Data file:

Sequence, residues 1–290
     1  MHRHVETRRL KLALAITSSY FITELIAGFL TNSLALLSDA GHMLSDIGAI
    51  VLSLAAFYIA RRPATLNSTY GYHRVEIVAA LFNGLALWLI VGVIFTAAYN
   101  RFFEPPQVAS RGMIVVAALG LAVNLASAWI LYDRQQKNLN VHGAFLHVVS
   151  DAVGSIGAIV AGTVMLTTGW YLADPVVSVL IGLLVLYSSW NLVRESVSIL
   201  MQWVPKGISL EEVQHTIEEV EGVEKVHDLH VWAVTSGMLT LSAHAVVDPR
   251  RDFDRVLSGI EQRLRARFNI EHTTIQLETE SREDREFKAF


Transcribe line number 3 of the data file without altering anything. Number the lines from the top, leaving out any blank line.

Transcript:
    51  VLSLAAFYIA RRPATLNSTY GYHRVEIVAA LFNGLALWLI VGVIFTAAYN